Interesting trivia: who owns pigeon droppings in England? (Hint: it’s job-related 😉 )

Answer to last post’s trivia: SOS stands for … nothing. It was the Morse code for distress signal because it was easy to transmit: 3 dots, 3 dashes, 3 dots. Save Our Souls is a nice coincidence, nothing else. Big gold star to Cindy Bruchman for her brilliant response.

23 thoughts on “Is “retired” the end? Or what do you do?

    1. I don’t like it, I LOVE this word, and the idea that what we refer to a# “retirement” is really “jubilation”! So much more fitting, and I wonder what it tells us about the cultural differences that brought about two such different outlooks on this joyous period! Thank you so much for bringing this up!

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    1. Thank you, John! It’s strange: I didn’t expect the transition period to be so full of surprises and unexpected revelations. And, yes, one of them is that a “decompression” period is needed (for both of us) from the regular job schedle to … the freedom of the Endless Weekend!

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  1. that is so odd to see all the negative connotations associated with the word retired. I’ve always viewed retirement as a highly rewarding time in one’s life, and you certainly have shown that to be the case. And I agree, Cindy’s response for SOS was brilliant. And I’ll just take a crazy guess on the pigeon droppings – a street cleaner?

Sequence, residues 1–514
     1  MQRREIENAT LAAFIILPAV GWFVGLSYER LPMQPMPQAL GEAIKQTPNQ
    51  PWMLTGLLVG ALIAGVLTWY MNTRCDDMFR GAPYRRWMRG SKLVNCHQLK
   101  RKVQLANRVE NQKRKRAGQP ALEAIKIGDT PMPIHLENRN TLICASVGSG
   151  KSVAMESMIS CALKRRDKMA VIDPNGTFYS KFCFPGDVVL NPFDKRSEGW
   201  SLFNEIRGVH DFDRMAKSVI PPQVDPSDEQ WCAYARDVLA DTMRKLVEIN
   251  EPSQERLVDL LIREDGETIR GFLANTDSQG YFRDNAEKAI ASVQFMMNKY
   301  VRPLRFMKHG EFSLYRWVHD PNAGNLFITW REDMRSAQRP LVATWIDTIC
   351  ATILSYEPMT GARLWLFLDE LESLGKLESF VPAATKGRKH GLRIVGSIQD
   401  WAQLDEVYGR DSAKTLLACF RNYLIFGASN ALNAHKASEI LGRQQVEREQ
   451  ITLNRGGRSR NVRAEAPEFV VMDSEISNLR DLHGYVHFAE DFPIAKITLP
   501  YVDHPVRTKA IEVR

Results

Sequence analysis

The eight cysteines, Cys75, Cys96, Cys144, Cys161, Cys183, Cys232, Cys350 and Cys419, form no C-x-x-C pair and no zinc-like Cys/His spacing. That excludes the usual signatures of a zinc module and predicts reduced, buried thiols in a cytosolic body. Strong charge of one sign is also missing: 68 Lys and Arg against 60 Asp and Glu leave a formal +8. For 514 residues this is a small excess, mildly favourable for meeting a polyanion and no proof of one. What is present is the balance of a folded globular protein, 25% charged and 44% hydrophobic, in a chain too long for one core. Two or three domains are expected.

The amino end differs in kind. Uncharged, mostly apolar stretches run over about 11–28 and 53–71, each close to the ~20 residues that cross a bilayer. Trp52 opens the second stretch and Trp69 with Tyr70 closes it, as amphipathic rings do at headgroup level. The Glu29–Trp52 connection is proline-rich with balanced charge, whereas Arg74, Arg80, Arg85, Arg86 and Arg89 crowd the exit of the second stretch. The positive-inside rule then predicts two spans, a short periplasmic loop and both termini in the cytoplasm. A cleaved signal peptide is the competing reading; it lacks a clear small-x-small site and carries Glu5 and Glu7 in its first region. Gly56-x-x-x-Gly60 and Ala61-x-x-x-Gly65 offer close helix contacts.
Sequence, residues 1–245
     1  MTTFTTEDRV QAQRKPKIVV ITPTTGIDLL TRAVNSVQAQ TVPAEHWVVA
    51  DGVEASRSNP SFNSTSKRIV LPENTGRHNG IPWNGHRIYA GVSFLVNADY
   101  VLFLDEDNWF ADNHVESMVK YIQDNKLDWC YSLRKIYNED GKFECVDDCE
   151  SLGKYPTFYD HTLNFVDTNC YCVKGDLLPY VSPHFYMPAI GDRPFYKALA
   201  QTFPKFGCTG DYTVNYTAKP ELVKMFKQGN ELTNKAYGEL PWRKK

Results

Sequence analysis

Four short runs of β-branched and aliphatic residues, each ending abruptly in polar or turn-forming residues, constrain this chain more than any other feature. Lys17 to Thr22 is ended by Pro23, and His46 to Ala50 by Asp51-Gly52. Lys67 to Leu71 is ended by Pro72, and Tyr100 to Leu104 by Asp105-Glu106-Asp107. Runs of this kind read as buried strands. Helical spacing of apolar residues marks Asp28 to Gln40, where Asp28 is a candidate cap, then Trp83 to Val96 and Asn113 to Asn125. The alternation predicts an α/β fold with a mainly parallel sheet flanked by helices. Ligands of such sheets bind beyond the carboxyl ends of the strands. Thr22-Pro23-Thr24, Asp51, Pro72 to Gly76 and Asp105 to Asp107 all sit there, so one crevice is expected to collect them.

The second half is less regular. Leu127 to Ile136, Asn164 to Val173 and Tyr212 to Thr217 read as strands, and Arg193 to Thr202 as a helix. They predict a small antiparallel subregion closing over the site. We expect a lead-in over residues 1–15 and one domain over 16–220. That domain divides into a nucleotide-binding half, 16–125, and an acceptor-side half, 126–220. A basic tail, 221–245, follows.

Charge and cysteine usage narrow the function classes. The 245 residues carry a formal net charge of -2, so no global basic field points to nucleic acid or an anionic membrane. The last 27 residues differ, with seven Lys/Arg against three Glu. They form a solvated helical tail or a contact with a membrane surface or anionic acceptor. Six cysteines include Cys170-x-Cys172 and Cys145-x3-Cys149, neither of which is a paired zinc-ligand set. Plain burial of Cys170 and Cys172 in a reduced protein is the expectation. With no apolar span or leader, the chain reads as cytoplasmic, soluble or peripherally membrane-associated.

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    1. That’s EXACTLY what surprised me as well: we are jubilant in our Endless Weekend, and yet we find that our society has so many negative connotations of the word. What does that say about our society that we are so defined by the jobs we hold?

      That’s a great guess! “Finders keepers” would dictate that it should be the street cleaner that gets to keep the pigeon droppings. But no such luck since King George I’s time …

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        1. You’re traveling to exotic lands in the Far East, experiencing new and delicious foods, AND yet you still find the time to ponder on the imponderable trivia of pigeons! That is nothing short of admirable!